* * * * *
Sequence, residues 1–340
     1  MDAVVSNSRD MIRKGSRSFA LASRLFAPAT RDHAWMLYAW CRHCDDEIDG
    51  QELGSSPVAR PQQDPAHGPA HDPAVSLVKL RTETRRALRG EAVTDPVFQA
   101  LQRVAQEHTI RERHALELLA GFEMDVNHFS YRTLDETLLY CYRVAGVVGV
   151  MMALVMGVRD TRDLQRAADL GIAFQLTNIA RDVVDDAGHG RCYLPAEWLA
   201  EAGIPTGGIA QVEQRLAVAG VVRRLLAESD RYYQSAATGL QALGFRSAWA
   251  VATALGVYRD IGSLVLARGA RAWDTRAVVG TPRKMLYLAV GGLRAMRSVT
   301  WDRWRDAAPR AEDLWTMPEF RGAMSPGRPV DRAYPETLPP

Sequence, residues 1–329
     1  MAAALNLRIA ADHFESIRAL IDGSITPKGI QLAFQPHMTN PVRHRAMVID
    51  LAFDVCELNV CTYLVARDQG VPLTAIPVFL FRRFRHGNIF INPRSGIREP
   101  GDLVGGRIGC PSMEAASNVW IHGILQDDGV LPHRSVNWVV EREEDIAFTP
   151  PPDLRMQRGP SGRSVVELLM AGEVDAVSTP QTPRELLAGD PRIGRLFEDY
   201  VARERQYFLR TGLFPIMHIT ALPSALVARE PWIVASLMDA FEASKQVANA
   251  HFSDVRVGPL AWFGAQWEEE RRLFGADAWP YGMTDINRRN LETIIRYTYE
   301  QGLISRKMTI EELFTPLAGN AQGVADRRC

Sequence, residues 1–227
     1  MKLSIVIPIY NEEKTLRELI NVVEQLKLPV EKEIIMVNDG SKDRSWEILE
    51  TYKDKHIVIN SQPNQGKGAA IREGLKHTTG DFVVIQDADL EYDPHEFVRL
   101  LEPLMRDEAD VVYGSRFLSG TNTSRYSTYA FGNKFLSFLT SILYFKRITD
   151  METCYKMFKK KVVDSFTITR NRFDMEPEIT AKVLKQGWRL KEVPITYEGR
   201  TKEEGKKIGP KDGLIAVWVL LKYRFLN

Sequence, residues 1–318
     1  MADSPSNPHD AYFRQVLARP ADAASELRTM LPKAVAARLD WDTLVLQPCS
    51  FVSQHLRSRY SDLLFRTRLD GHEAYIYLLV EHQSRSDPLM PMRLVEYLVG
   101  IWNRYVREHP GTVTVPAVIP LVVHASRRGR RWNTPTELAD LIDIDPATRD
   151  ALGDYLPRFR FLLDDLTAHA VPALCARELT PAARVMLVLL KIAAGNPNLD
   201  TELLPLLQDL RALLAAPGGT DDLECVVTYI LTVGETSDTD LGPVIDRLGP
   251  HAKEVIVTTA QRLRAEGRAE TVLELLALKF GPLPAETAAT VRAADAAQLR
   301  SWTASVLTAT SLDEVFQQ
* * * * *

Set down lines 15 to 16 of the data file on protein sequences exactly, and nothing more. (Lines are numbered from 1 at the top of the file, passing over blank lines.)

   251  HFSDVRVGPL AWFGAQWEEE RRLFGADAWP YGMTDINRRN LETIIRYTYE
   301  QGLISRKMTI EELFTPLAGN AQGVADRRC